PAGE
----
EXCLUSIVE: Freida Pinto Talks Feminism, Fame And Angelina Jolie

Tracy Ramsden
by Tracy Ramsden

Ahead of Girl Summit 2014, actress Freida Pinto talks feminism, fame and why Angelina Jolie inspires her

You’ll know Freida Pinto as the breakout star of Danny Boyle’s 2008 Brit movie, Slumdog Millionaire, and she's soon to co-star alongside Natalie Portman and Christian Bale in the forthcoming Knight of Cups. Today though, she’s not talking about movies. She’s got something more important going on.

As Plan International’s Girls’ Rights Ambassador, Freida Pinto is fast following in the humanitarian footsteps of Hollywood starlets like Angelina Jolie, Emma Watson and Beyonce, using their fame to help shine a spotlight on issues affecting women and girls around the world.

Ahead of her closing speech at Girl Summit 2014, Marie Claire speaks exclusively to Freida about her work with Plan International and why, right now, it's time to galvanise efforts and keep talking in order to end FGM and forced child marriage in a generation.

Freida Pinto speaks at UNICEF's Innovate 2 Educate event in New York

There’s a swell of momentum surrounding women’s and girl’s rights. Why do you think it’s finally happening now, in 2014?

I think it’s been happening for a while but we go through phases. There are events in history that should have shaped the future for women differently, but they haven’t so far and that’s been frustrating. But now there’s a huge amount of awareness and technology has made it possible for people to come together and not isolate their struggles. The struggles of a girl from Africa aren’t that different to those of a girl in India, and in turn, a girl in America. No matter how modern and educated she might think her community or society is, there’s still sexual violence against women, there’s still rape, there’s still FGM carried out in places like Australia, New Zealand, America and the UK where there are large immigrant populations. I think technology has made it easier for people to come together, and their voices are united and louder than ever before. We couldn’t do that before the Internet.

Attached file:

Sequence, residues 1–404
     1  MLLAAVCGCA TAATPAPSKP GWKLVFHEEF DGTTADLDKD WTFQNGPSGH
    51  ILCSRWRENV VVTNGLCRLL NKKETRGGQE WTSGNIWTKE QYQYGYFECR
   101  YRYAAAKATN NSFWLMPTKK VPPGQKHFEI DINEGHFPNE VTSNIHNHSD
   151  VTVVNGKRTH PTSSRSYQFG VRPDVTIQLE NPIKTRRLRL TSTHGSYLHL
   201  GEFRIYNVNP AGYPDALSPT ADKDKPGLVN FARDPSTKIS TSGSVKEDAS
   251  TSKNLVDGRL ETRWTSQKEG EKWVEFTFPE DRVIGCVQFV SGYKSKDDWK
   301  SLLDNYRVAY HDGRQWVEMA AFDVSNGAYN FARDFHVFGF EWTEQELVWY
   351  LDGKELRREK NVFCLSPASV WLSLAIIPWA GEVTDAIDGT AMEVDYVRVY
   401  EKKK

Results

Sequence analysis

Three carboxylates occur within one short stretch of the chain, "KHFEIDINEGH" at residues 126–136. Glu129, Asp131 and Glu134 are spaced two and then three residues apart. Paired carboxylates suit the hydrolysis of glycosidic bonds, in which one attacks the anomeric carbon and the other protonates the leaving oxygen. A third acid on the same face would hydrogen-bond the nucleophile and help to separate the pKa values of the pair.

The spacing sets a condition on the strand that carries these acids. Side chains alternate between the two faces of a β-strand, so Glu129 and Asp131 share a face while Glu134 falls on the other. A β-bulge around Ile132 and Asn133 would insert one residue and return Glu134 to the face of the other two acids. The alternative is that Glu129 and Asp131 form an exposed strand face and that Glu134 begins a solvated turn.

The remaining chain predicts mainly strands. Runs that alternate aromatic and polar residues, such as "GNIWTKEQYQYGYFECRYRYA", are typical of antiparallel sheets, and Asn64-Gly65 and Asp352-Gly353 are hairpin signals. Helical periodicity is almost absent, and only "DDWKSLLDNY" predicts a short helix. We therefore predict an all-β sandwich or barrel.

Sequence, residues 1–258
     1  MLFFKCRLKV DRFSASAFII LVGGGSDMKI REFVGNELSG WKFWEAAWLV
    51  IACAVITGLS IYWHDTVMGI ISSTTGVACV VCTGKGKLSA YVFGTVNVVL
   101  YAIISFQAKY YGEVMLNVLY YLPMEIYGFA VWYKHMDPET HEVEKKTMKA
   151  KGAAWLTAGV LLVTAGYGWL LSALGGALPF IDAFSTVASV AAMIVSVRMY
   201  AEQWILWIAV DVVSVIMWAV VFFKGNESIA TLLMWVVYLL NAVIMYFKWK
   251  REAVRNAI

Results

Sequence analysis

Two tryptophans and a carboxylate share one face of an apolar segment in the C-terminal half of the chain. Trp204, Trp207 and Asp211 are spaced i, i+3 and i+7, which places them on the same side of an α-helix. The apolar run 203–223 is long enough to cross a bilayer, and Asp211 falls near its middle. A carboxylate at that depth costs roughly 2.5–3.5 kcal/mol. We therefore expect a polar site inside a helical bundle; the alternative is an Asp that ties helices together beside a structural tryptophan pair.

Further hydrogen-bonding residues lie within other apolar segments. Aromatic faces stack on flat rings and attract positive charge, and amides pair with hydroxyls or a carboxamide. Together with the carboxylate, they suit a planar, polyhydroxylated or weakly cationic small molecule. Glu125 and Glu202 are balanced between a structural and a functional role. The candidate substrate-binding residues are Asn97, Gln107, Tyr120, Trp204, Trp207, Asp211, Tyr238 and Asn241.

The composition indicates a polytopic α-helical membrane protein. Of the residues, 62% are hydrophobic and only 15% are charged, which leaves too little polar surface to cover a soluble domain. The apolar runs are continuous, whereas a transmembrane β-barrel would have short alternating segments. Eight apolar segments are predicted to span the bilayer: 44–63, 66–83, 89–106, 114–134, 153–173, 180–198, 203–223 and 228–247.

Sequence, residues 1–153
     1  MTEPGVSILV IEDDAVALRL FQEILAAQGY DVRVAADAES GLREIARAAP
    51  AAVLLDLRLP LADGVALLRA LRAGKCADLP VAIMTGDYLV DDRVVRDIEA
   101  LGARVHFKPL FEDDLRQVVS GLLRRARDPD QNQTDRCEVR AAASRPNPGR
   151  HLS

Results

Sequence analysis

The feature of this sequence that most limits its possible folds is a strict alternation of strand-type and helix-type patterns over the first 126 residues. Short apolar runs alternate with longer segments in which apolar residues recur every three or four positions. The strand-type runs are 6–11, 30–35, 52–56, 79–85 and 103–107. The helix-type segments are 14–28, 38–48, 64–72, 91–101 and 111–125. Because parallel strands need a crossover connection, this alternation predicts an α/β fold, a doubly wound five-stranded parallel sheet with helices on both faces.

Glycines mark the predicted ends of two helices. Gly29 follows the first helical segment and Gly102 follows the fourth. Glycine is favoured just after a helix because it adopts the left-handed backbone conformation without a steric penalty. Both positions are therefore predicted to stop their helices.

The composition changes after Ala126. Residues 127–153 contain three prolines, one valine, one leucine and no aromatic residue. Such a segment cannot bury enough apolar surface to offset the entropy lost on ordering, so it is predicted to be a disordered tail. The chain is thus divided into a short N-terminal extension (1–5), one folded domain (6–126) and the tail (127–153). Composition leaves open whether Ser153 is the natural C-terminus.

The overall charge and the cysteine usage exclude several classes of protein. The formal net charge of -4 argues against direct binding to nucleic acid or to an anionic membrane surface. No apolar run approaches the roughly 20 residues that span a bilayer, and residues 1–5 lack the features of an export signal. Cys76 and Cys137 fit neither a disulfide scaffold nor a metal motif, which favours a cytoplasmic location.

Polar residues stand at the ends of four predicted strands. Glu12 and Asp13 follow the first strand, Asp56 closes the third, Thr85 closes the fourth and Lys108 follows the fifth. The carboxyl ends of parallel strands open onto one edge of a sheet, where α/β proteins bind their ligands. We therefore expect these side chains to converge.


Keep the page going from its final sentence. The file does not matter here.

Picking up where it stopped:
This is the first Girl Summit the UK has hosted. Why is it important to you to be a part of it?

I think quite simply because I am a girl. I always knew that I was born more privileged than some of the girls who I’ve met through Plan. And I feel that protection, comfort and privilege I had growing up is something that every girl should have. We’re not asking for a luxury car or a big home, we’re just saying that girls should be able to go to school. That’s not a big ask. There’s a domino effect that may start small but before we know it, we can have an impact on a whole community, then a whole nation, then the world will catch up. We have to start small though.

Freida Pinto meets students at a Plan-supported school in Ethiopia

You travelled in Asia and Africa for your work with Plan International, can you tell us about some of the inspiring women and girls you met?